Stocks fell sharply on Monday as U.S. lawmakers failed to push through massive fiscal stimulus to curtail the economic blow from the coronavirus.
The Dow Jones Industrial Average traded more than 600 points lower, or down 3.4%, after clinching its lowest level in three years earlier in the session. The S&P 500 slid about 3.3% while the Nasdaq Composite was down more than 1%.
For a second time in less than 24 hours, a bill that would authorize giant fiscal spending to stimulate the economy failed to clear a key procedural hurdle. The vote failed even after Senate Minority Leader Chuck Schumer, D-NY, said he expects the Senate to on Monday reach a deal on a massive fiscal stimulus package.
Earlier on Monday, Treasury Secretary Steven Mnuchin told CNBC’s Jim Cramer that Congress was “very close” to getting a fiscal package done, noting it must be pushed forward “today.”
“We’re using some of the funds we have, but we need Congress to approve additional funds today so that we can move forward and support American workers and the American economy,” Mnuchin said.
The failed votes in the U.S. Senate were enough to pressure Wall Street once again even after the Federal Reserve announced a series of aggressive monetary measures to sustain the economy.
One of those measures taken by the Fed was an open-ended asset purchase program, which the central bank will run in the “amounts needed to support smooth market functioning and effective transmission of monetary policy to broader financial conditions and the economy.”
“While the Fed’s actions are an enormous help, the only way the markets are going to find sustainable improvement is when the economy is allowed to come back to life, or at least there is a real path in place for how that is going to happen,” said Paul Hickey of Bespoke Investment Group, in a note.
National Economic Council Director Larry Kudlow said Saturday an economic stimulus package will total more than $2 trillion, noting it will be equal to roughly 10% of U.S. economic output. Last week, President Donald Trump signed a $100 billion bill that expanded paid leave in the U.S.
However, investors were worried after Trump sent a series of tweets that may signal he is considering sending workers back to work before the pandemic is under control. Trump also retweeted an account saying: “Flatten the curve NOT the Economy.”
Boeing shares rose 13%, outperforming the market, as Goldman Sachs made a bold call Sunday evening, telling clients the company had enough cash to survive the coronavirus downturn and that air travel would eventually return. The stock also jumped after Boeing announce it will close Seattle-area factories due to the outbreak. The shares are off 66% this year.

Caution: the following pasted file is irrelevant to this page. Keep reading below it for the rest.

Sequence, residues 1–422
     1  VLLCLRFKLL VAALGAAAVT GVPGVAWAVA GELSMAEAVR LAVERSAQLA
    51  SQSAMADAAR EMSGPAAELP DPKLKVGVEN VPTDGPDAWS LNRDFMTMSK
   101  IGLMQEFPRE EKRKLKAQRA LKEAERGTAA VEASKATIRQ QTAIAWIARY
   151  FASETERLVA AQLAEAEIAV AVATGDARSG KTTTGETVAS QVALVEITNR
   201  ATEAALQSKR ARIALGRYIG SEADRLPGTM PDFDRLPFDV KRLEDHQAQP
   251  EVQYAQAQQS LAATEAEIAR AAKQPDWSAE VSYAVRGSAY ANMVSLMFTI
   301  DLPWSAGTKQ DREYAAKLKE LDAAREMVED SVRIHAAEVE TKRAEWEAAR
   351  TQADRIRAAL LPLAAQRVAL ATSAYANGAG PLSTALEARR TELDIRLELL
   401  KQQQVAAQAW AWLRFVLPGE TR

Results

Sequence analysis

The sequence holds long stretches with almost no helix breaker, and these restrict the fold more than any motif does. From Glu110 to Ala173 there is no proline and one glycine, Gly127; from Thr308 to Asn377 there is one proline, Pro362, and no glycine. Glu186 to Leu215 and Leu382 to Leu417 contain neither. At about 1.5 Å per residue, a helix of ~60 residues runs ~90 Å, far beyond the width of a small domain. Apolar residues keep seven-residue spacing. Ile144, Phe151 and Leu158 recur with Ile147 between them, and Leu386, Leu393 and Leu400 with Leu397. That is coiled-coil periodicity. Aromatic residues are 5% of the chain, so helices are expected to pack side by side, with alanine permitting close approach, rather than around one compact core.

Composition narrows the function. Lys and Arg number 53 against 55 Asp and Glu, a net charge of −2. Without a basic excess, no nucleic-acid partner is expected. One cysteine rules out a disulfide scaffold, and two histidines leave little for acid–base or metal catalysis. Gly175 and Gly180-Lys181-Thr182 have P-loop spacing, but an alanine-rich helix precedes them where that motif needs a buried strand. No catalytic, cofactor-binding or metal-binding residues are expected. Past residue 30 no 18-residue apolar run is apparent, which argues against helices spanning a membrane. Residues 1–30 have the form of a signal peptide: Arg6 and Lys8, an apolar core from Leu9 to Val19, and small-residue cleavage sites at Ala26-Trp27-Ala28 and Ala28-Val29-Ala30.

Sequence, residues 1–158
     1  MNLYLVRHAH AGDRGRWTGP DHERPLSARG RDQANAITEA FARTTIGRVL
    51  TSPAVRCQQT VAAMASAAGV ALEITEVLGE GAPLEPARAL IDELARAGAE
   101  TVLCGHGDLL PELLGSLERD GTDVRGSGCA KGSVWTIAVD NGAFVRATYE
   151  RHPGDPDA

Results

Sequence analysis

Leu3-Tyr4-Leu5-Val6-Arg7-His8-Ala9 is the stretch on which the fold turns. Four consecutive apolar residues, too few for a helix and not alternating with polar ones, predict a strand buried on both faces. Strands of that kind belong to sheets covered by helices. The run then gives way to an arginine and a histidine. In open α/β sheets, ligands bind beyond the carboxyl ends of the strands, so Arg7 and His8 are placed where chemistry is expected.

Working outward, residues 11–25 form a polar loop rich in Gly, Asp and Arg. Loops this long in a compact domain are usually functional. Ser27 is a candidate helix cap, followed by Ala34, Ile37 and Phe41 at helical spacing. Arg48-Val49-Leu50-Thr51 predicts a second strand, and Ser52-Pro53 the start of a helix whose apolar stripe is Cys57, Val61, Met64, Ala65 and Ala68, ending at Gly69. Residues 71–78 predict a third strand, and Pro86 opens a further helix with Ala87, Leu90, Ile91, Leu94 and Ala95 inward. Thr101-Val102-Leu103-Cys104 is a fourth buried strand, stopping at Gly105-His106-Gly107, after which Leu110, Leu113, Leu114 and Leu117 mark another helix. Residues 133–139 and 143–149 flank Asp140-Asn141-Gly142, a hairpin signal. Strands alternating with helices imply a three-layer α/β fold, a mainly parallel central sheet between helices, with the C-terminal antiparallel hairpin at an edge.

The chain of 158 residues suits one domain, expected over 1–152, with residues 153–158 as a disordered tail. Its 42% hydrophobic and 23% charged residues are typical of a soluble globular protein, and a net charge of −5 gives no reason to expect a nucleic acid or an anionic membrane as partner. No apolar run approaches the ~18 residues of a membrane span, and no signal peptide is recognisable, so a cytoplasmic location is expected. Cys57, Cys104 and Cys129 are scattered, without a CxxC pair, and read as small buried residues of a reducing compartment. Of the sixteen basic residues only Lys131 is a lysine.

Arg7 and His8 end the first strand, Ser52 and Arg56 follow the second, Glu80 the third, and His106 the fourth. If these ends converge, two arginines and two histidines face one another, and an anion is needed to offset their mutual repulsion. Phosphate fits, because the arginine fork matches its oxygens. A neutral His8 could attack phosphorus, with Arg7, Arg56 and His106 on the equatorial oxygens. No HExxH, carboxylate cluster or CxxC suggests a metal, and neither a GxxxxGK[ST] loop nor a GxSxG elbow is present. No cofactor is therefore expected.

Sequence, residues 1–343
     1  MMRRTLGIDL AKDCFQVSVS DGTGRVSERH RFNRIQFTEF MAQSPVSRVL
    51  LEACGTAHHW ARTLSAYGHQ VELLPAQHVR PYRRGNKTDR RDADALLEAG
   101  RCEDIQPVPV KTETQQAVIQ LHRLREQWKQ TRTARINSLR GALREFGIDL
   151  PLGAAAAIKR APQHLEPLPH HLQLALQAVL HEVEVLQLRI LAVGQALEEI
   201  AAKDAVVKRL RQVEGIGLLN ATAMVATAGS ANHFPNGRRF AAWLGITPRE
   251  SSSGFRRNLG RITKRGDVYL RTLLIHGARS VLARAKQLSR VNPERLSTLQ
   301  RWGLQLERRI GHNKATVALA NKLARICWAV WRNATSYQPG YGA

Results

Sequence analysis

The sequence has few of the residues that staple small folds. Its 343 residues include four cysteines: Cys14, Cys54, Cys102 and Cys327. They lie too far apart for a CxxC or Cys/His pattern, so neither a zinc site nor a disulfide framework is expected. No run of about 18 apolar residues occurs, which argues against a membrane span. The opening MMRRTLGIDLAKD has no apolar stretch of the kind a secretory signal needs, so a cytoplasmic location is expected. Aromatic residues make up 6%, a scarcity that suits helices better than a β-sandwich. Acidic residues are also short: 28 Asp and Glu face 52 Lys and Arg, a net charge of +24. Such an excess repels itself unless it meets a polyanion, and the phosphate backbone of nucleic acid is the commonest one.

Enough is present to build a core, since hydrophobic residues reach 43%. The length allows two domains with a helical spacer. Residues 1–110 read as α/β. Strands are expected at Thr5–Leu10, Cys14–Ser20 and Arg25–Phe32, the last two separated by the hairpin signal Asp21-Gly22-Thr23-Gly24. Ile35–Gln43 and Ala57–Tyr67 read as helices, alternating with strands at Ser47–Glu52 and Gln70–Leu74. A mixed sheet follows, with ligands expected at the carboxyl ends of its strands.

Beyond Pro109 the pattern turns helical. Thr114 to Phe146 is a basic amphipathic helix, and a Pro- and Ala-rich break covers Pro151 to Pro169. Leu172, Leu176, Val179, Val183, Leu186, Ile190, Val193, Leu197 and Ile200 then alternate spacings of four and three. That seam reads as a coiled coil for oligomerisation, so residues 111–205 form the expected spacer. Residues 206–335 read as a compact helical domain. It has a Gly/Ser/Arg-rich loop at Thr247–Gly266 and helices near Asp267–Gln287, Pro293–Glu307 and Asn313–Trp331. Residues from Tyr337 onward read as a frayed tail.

David Kostin, chief U.S. equity strategist at Goldman Sachs, said the difference between a fast or a prolonged recovery in the stock market will come down to three factors: How quickly the virus is contained, whether businesses will have ” access to enough capital and liquidity to last the 90 to 180 days,” and whether fiscal stimulus can stabilize growth forecasts.
“If short-term shutdowns lead to business defaults, closures, and permanent layoffs, the damage to corporate earnings growth could persist well after the virus is contained,” Kostin said in a note.
Wall Street has been clamoring for fiscal economic relief as the number of coronavirus cases keeps surging. The number of confirmed global cases surpassed 350,000 as deaths now total over 15,000, according to data from Johns Hopkins University.
In the U.S., more than 35,000 cases have now been confirmed. New York Gov. Andrew Cuomo said Sunday cases in the state soared to 15,168 over the weekend, more than the total number of cases in France or South Korea.
Economists at Goldman Sachs wrote Friday they expect a 24% contraction for the second quarter after a 6% drop in the first quarter. Morgan Stanley economist Ellen Zentner said in a note Sunday she expects a historic 30% contraction in the second quarter.
“Suffice to say that the economy entered a unique, sudden-stop recession in March,” wrote Prajakta Bhide, strategist at MRB Partners. “If there is no concrete evidence of meaningful progress toward controlling the epidemic in the next eight weeks, there will be no basis for people and businesses to feel safe to begin to normalize economic activity.”
Last week, stocks suffered their biggest one-week decline since the financial crisis in 2008, with the S&P 500 dropping more than 13%. Those losses, coupled with Monday’s decline, put the broader market average more than 34% below its record set on Feb. 19.
“Things will get worse before they get better and the markets will continue to reflect that reality,” said Marc Chaikin, CEO of Chaikin Analytics, in a note. “This means that a bottoming process will take more time and probably inflict more damage to equities.”
— CNBC’s Thomas Franck contributed to this report.
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